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THE REPUBLIC: SUNDAY- APRIL 14, 1901.
THBST. LOOTS REPUBLJC
ad (mb. Mir.
. B. Csr. Secretary.
si Ui and OUr
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SUNDAY. APRIL ;Hi 1901.
that It Is actually necessary to guard
against the killing of representatives of
this idea by extremists? Tho Fierpont
Morgan Incident possesses a significance
which Is not altogether reassuring.
W. B. Cnrr. Business Manager of The St.
touts Republic, being duly sworn. Bays that
.the actual number of full and complete
.copies of the dally and Sunday Repnblto
printed during the month of March, 1901,
all in regular editions, was as per schedule
T... ..'.... .74,530
Total for the) month 2,494,320
Less all copies spoiled In print
Ins, left over or filed G.S5S
JCetHumber distribute! .... 2,430,467
Average daily distribution 78,402
And said W. B. Carr further says that
the number ot copies -returned or reported
unsold during the month of March was
tM per cent.
W. B. CARR.
Sworn to and subscribed before me this
second day ot April. 190L
J. F. PARISH,
Kotary Public. City of St Louis. Mo. My
term expires 'April 26, 1301.-
17 Sunday. 101,000
24 Snnday.. 102,915
28 - 75,840
CALLING A BLUFF.
Thoughtful St Loulsans -who read the
exceedingly Interesting remarks made
'by 3Ir. Chauncey I. Filley to the Good
Government Republican League Club
last Thursday will understand more
clearly Just why tho Globe-Democrat re
frains from presenting convicting truths
in support of Its howls about fraud in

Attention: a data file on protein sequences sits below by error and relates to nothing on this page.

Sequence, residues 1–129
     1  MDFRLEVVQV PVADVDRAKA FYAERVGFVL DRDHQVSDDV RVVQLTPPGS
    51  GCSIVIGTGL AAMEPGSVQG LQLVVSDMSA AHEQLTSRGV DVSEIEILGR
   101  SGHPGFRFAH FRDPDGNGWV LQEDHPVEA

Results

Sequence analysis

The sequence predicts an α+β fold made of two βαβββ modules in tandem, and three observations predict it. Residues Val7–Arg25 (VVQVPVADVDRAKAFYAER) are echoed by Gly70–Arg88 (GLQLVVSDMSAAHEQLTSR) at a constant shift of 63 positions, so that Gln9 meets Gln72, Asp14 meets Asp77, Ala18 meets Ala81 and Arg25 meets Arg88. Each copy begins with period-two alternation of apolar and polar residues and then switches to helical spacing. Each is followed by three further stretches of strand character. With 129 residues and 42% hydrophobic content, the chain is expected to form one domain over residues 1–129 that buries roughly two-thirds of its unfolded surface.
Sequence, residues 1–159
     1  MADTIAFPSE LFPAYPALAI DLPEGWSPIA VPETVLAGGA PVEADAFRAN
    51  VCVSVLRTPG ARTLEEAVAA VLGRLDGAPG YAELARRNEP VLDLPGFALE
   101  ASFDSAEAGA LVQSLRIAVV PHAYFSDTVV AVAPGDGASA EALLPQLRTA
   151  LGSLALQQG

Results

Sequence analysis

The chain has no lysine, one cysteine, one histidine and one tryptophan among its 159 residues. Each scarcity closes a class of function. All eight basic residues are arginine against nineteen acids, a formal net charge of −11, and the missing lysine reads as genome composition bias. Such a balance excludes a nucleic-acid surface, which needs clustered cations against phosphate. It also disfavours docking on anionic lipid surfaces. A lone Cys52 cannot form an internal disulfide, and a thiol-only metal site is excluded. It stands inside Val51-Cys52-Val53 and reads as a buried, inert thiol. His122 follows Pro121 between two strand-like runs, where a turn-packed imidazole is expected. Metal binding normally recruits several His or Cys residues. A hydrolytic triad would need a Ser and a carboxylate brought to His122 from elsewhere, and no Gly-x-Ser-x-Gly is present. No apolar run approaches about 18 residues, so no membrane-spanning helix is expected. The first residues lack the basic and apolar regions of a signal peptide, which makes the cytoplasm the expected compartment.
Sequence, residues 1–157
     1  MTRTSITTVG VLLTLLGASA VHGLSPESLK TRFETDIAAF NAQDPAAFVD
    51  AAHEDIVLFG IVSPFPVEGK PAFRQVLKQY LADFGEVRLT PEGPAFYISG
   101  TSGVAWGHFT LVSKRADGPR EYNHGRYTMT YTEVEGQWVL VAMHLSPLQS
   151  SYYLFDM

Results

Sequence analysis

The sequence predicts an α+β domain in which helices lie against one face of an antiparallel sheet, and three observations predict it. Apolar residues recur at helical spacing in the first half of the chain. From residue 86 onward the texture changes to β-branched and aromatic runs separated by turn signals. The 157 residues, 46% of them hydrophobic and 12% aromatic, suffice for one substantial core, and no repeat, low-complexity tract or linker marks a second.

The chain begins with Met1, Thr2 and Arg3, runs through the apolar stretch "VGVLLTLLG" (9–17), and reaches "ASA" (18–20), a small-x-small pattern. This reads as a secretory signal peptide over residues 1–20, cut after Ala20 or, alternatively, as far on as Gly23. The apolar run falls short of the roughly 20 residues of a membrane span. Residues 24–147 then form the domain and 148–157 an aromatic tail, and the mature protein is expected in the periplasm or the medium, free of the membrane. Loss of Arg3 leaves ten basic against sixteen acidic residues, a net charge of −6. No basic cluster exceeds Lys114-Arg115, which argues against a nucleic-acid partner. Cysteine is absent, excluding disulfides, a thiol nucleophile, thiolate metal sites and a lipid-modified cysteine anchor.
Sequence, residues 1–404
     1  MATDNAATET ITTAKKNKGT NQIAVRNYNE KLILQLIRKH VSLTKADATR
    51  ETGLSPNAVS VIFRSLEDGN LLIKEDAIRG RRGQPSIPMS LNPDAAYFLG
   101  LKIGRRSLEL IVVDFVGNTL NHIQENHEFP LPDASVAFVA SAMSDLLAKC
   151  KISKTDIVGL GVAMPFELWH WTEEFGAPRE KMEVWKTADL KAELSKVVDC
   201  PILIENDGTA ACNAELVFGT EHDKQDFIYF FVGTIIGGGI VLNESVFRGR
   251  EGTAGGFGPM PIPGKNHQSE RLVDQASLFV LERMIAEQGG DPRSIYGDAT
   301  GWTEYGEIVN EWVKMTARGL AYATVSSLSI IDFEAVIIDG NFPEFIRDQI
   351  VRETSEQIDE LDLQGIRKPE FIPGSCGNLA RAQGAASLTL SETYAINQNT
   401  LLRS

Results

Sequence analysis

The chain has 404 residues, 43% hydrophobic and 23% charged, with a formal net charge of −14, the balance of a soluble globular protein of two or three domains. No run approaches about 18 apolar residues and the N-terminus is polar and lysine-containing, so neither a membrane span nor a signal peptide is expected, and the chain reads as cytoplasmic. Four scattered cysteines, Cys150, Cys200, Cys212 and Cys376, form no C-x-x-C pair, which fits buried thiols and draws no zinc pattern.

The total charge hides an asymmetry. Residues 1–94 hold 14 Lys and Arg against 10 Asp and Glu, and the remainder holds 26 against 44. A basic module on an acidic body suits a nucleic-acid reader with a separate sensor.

tho April elections.
Mr. Filley, himself a Republican, ex
plains why these howls are so vague as
to facts. "Dare the 'Bad Jack' Williams
City Republican Committee contest?" ho
asks. "No; it fears retaliation and ex
posure from the repeaters whom it ha8
employed and aided in Republican pri
maries. Contest? No; It dure not!"
And again: "Can they kick at election
frauds?" ho queries, alluding to the man
agers of the Republican city organiza
tion, who must now explain to tho na
tional organization why their party was
defeated in St. Louis. "No; they dare
not Uave they, the City Hall gang, not
hired repeaters to carry our wards?
Were not the "Waterworks gang, six
miles away, sent into my ward, and tho
street scrapers from Carondelet, six
miles to the south, to defeat our delega
tions time and time again?"
In other words, just as The Republic
has time and again set forth, the Globe
Democrat knows that the minute it be
gins to honestly investigate the work of
"Indians" in tho recent election it makes
certain the exposure and probable pun
ishment of its own Republican Indians.
It is as much afraid of genuine pub
licity as any Democratic Indian could
possibly be, but' It tries to make political
capital by means of vague charges and
strenuous outcries. Its game is a bluff,
pure and simple.
quire thcv best possible location for a
beautiful library building.
When Missouri Park was sacrificed to
the Exposition the public value of the